Yes, I know, Disneyland is wonderful. But that doesn’t mean you can’t have a good time at Walt Disney World. Why should you go if you’re already intimately familiar with Disneyland? Well, for starters you get four parks to explore which gives you many new attractions to see. While I will not be listing all the differences, I will try to highlight some of the main ones.
If we first consider the Magic Kingdom, right from the start you get something new: an opening ceremony, with a family of honor arriving on the train with Mickey, et al., and features an opening song and greeting. (Disneyland’s opening was a bit of a let-down in comparison, with an empty train showing up and nothing else except a simple countdown.) You are also admitted to the area in front of the Main St. station prior to opening (but held back from entering the tunnels into the park under the RR). Once admitted, you get many familiar rides, but also some new ones. While DLR has three of the four 3-D movies, in my opinion the best is the one that is missing – Mickey’s PhilHarmagic. This animated movie features Donald Duck unleashing the magic of the Sorcerer’s hat and has many favorites such as Aladdin, Ariel, etc. Another treat is FP for two Fantasyland attractions – Pooh and Peter Pan. Incidentally, as you fly over London in WDW’s Peter Pan, you can see the headlights of the moving cars below you. And yes, you can still meet the Little Mermaid. Of course there’s also the castle, which has an excellent restaurant inside (although you’ll need to make reservations first thing 90 days ahead for the Princess character meal). The character meal includes a photo package with Cinderella on her throne, then past the suit of armor you go up the spiral staircase to the beautiful dining room, adorned with banners, etc. for the meal and more princesses.
There are other new things you will find, such as the Hall of Presidents, which features AA presidents (all of them) and also familiar things, such as the Haunted Mansion, although the gothic façade of the WDW version is much more spooky than Disneyland’s.
Other treats: a longer Jungle Cruise where your boat actually enters a ruined temple; side-by-side seating on Splash Mountain so you don’t have to ride by yourself; Country Bear Jamboree still exists (for those who miss it). In Tomorrowland I also enjoyed the rotating Carousel of Progress for a chance to rest. Here’s another little joy: you can actually go in the fort on Tom Sawyer’s Island, and even fire the rifles at the people waiting in line for Splash Mountain. (well you're supposed to be fighting off imaginary Injuns, I suppose, but that's not as much fun!)
Now, you will notice some differences. The Teacups, which features a larger ride area and a teapot complete with dormouse in the middle, have a roof (much like the carousel). The Small World clock façade is completely indoors (and also more conveniently located near the rest of Fantasyland). This is all due to this new thing called RAIN with which you may not be familiar. Rainshowers, although common especially during the summer, are usually brief. Carry a poncho in a waist pack and you’ll be fine. We were there for a week in Sept. and only got significant rain for a period during one day.
OK, what else? Well, imagine taking Toy Story Mania and the Backlot in DCA, and making a whole park out of it by adding similar attractions, and you’ll have Disney’s Hollywood Studios. Don’t forget to add a really cool indoor coaster across from Tower of Terror, and some shows (Indiana Jones stunt show, auto/motorcycle stunt show, Little Mermaid, and Beauty and the Beast broadway-style show). Unfortunately there is no Monsters, Inc. ride, which is one of the gems in DCA, but you gain so much more. In my opinion, this is what DCA should have been. You also get a dedicated amphitheater for Fantasmic!, with bleacher seats (yay!). What else? Here you’ll find Star Tours, with a life-size Imperial Walker out front (makes for a cool photo op).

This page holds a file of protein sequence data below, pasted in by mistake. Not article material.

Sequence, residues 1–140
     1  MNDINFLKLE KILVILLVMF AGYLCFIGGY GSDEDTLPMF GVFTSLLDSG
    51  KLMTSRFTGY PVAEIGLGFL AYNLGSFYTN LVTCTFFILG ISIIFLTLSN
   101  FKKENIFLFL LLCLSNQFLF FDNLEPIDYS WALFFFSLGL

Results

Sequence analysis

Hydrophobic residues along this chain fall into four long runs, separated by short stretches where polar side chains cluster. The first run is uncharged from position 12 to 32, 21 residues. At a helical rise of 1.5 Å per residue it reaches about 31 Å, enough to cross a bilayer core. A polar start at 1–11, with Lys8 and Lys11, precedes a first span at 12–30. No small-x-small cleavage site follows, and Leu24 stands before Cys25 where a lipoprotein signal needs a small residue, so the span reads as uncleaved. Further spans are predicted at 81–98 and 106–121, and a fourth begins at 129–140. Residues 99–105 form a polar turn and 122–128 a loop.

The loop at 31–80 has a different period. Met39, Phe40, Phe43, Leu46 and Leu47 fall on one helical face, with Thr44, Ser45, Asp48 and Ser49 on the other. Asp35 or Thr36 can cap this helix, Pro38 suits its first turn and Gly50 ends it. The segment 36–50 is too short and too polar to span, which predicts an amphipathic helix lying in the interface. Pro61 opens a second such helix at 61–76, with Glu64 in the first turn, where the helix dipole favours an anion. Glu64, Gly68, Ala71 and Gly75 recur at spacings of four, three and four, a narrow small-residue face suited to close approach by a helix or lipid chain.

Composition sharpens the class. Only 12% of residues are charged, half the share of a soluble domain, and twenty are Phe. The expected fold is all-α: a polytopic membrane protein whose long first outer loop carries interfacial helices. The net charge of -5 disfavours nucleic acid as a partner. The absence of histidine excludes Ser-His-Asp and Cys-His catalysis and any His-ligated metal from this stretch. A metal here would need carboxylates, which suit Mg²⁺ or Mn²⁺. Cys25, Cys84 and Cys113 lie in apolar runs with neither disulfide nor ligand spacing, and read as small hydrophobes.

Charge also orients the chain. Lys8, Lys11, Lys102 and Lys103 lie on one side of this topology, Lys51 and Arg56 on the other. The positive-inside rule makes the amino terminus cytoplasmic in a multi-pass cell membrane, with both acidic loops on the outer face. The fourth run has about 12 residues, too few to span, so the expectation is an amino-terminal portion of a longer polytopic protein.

Moving on, there is the Animal Kingdom, which has a river raft ride (although not quite as wild as DCA’s). However, it does have a simulated safari ride in a real vehicle with real animals. You will also find the best (in my opinion) Disney coaster, Expedition Everest which includes a Yeti and has you going backwards through the mountain during part of the ride. Nice visuals, great ride. Another neat ride is Dinosaur which takes you to meet some rather large and rather loud AA dinosaurs. That one’s not for little kiddies. What else? Well, you get more animals, both a bird show and some trails you can follow yourself to see wildlife. Let’s not forget the worderful Festival of the Lion King show, which features some colorful costumes and great acrobatics (real people, not characters).
Lastly, there is EPCOT, which features a number of areas themed for different countries, and some future-ish type exhibits and attractions. It’s been over 20 years since I’ve been there so I can’t offer much info beyond that.
There are a few other things I should caution you about. I already mentioned rain. Another drawback is the water, which really tastes awful. Do yourself a favor and drink bottled water. Also, there is this other invention called HUMIDITY. Go in the cooler months unless you like to sweat like a hog(it’ll still be 70 in Jan.). Lastly, there are no hotels within walking distance as in Disneyland, and the parks are physically separated from each other so you will need some kind of transportation. Disney has its own buses, monorail, etc. for its resorts so you don’t need a car although it would be easier if you did. Another thing, the Magic Kingdom can be reached only by boat or monorail (once you park).
So, there you have it, in a large nutshell. I’m sure I forgot lots of things, but hopefully this is enough to get you interested in a trip. It’s not the same as Disneyland, but you will have fun. Why not give it a try?